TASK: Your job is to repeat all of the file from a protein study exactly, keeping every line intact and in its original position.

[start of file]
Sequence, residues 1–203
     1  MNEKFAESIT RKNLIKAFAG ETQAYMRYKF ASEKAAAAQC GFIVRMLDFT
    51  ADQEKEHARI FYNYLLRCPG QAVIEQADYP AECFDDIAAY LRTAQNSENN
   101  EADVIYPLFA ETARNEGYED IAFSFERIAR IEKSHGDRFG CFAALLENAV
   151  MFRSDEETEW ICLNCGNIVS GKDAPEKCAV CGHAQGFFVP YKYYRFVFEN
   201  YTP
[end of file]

Sequence, residues 1–203
     1  MNEKFAESIT RKNLIKAFAG ETQAYMRYKF ASEKAAAAQC GFIVRMLDFT
    51  ADQEKEHARI FYNYLLRCPG QAVIEQADYP AECFDDIAAY LRTAQNSENN
   101  EADVIYPLFA ETARNEGYED IAFSFERIAR IEKSHGDRFG CFAALLENAV
   151  MFRSDEETEW ICLNCGNIVS GKDAPEKCAV CGHAQGFFVP YKYYRFVFEN
   201  YTP